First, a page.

Hong Kong Food & Restaurants
Food, what to eat while traveling in Hong Kong
The food culture in Hong Kong combines Chinese and foreign cultures. The fusion of eastern and western cultures has influenced even the eating habits of Hong Kong people. Hong Kong has long been known as a "paradise of food."
As the majority of Hong Kong people are Cantonese, Cantonese cuisine, and Hakka cuisine, Teochew cuisine is considered local cuisine. After the Second World War and the Chinese Civil War, many people from mainland China emigrated to Hong Kong and brought Shanghai, Ningbo, Anhui, Sichuan, Hunan, and Beijing cuisines to Hong Kong. All these cuisines are still present in Hong Kong.
Hong Kong people are extremely fond of seafood. In Hong Kong, there are many types of food and ways of cooking seafood. The most common dish in a seafood banquet is steamed lumpfish which can be made fresh by adding a little ginger and soy sauce. The most loved seafood item is shark fin and abalone. Although both restaurants and wine shops sell seafood, many people prefer to go to restaurants that specifically cater to Aberdeen, Saigon, Lei Yue Mun, Lamma Island, and Cheung Chau. As these restaurants are set along the sea, visitors are accompanied by a breeze, the setting sun, and the smell of the sea. It is a unique experience to enjoy the beautiful scenery and delicacies in Hong Kong.
Morning Tea, the Breakfast for Everyday
Drinking tea in Hong Kong is routine as people have snacks in tea houses in the morning or at lunchtime. A pot of tea and several boxes of Dim Sum is a crucial part of an enjoyable Hong Kong breakfast. You can have morning tea at either roadside stalls or tea houses. In larger restaurants, there are hundreds of refreshments that are put on many small carts. With fresh materials, Dim Sum is made by steaming and frying to keep the authentic flavor of the food intact. Inviting friends to have morning tea together is a unique phenomenon in Hong Kong.
A tea restaurant is one of the most ordinary places to eat with locals in Hong Kong. Tea restaurants mainly provide cheap snacks including soup noodles with sirloin, fish ball rice noddles, wonton noodles, rice-flour noodles, stirred-fired rice noodles with beef, omelet, and congee. The rice is often put on plates and matched with specified soups. Many tea restaurants make all sorts of bread, cakes, and cookies, among which pineapple bread, cocktail bread, egg and ham bread, egg tart, and paper-wrapped cake are people's favorites. Stir-fried spaghetti mixed with Cantonese roasted pork is also a unique dish in Hong Kong.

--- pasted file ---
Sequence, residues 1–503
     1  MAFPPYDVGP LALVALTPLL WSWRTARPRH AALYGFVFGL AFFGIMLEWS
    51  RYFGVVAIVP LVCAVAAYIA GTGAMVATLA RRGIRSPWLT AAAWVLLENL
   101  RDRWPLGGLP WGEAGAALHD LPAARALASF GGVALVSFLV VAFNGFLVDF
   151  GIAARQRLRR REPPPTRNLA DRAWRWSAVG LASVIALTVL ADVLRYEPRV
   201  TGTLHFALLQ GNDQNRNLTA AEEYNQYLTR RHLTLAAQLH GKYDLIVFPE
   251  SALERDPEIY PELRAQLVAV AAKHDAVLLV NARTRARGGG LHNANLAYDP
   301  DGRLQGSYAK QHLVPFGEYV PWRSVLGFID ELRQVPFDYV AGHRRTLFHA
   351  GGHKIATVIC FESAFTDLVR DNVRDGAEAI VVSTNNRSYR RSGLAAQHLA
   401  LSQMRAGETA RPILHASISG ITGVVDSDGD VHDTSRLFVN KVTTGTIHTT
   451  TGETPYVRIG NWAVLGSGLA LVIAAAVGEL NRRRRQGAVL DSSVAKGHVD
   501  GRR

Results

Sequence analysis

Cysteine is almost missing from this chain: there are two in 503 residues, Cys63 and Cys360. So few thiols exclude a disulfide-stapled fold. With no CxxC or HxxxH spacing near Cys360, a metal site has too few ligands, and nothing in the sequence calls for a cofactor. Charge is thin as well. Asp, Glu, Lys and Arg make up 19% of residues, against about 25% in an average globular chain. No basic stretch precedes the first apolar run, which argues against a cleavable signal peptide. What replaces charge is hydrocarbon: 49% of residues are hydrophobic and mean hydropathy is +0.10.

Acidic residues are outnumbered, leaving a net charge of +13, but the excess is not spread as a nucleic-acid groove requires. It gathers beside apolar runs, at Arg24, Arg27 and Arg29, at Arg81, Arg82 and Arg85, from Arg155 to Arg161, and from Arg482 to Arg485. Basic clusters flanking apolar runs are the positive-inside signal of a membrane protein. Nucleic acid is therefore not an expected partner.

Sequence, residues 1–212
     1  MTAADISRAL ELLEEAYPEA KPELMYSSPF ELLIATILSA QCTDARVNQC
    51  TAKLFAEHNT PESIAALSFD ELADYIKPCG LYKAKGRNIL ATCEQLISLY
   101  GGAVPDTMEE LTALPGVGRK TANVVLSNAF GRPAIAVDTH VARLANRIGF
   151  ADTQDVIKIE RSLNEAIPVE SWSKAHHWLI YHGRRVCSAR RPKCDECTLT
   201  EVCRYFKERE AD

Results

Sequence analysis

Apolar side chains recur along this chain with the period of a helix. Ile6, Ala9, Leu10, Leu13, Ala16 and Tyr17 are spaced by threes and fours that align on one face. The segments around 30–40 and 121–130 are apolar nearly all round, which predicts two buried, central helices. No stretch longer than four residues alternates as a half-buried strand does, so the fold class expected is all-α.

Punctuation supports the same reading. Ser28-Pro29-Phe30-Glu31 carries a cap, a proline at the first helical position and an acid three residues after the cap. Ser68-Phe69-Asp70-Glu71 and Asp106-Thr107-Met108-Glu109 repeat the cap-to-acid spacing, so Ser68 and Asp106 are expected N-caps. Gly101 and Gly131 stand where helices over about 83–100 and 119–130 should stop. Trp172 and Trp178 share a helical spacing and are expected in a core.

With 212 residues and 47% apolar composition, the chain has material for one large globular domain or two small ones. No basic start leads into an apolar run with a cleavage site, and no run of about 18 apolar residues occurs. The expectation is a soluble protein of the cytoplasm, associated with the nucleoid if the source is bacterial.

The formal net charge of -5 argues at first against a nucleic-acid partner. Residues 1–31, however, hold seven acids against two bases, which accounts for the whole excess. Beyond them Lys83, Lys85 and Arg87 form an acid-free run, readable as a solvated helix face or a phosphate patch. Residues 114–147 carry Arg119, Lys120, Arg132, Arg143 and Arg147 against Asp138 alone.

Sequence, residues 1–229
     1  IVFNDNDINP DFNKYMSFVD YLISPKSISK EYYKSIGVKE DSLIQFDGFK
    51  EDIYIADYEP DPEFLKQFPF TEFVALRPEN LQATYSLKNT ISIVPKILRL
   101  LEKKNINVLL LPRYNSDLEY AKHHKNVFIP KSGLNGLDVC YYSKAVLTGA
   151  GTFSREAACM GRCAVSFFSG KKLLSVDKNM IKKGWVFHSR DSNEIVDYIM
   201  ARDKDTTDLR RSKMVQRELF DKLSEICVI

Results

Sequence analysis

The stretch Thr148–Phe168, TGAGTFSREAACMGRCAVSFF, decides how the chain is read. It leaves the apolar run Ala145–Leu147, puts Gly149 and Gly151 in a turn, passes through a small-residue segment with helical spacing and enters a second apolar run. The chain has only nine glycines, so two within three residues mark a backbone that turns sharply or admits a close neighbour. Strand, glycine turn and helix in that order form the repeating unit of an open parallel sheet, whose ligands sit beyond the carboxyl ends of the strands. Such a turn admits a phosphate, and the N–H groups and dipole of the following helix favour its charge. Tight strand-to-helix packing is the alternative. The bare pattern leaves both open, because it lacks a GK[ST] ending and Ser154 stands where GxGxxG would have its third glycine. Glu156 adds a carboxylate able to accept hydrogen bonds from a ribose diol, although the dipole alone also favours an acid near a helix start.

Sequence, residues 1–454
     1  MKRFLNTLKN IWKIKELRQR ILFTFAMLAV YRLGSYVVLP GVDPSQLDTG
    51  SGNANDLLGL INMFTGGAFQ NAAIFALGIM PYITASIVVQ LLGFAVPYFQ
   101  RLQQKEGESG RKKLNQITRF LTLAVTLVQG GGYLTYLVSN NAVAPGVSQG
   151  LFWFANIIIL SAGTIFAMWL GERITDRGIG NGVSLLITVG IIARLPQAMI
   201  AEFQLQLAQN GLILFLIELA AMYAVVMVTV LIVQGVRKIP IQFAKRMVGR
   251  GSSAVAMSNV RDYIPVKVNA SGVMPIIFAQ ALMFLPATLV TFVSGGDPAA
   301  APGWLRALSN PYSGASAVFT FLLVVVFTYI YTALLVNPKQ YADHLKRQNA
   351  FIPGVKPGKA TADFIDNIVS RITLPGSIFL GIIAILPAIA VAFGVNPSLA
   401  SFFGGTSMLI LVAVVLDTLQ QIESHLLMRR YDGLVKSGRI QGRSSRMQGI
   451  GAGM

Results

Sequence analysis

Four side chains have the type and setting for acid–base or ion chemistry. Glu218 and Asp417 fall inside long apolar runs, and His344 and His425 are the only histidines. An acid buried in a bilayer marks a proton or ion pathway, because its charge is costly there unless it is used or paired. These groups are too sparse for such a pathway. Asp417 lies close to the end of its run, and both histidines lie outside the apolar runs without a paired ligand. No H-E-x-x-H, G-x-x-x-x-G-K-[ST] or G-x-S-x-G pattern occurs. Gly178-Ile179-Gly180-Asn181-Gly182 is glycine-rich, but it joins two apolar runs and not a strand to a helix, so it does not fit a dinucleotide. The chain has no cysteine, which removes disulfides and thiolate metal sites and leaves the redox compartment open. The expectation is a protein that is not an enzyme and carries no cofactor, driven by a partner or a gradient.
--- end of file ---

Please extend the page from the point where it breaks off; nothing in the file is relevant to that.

English-style afternoon tea is the main component of tea restaurants. The most famous is Hong Kong-style milk tea which is made by brewing any kind of tea leaves and filtering them through cotton fleece and then combined with evaporated milk. Hot milk tea is made by modulating different usage of evaporated milk, black tea, and coffee. Sago pudding combines Chinese and western cultures, and the most innovative Chilled Mango Sago Cream with Pomelo and Sago is distinctive. Other hot and cold drinks such as red bean ice and pineapple ice and herbal tea are the best-selling drinks in the summer.
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Street snacks are also a part of the food culture in Hong Kong. If you get hungry before dinner when you go shopping, you might as well taste some local snacks. The most common snacks are Pan-fried Three Stuffed Treasures, cart noodles and fish balls, Hong Kong-style waffles, steamed vermicelli rolls, shark's fin soup, Chinese pudding, pork blood, and beef ball, among others. You can usually find these treats in areas such as Garden St, Lady's Street, and Temple Street in Yau Ma Tei, Causeway Bay, and Sham Shui Po among others. Flowing peddles use handcarts to sell these street snacks.
Bars, where to drink
The first bar in Hong Kong appeared in Lan Wai Fong of Central and Jaffe Road, Lockhart Road in Wanchai. As Hong Kong is a former British colony, it operates many English-style and Irish-style bars. English-style bars have relatively fewer seats and Irish-style bars will serve Irish coffee American bars are known for their contemporary design. Most customers at these bars are foreigners or Hong Kong people who have either lived in foreign countries or are ex-pats. The bars, a distinctive part of the cultural district, have western names and decorations. At night, many young people swarm to this area with their friends in search of fun.
Restaurants, where to eat
You might also like the following helpful information about Hong Kong
- When is the best time or season to visit Hong Kong
- Top attractions you might like in Hong Kong
- Choose your food and restaurants while traveling in Hong Kong
- Do not know where to stay? Visit the best hotels in Hong Kong
- To know more about Hong Kong, visit its culture
- What to buy and where to shop in Hong Kong?
- Enjoy an interesting and colorful nightlife
- Effiently tour around by learning the transportation
- Bank and currency, help you save money
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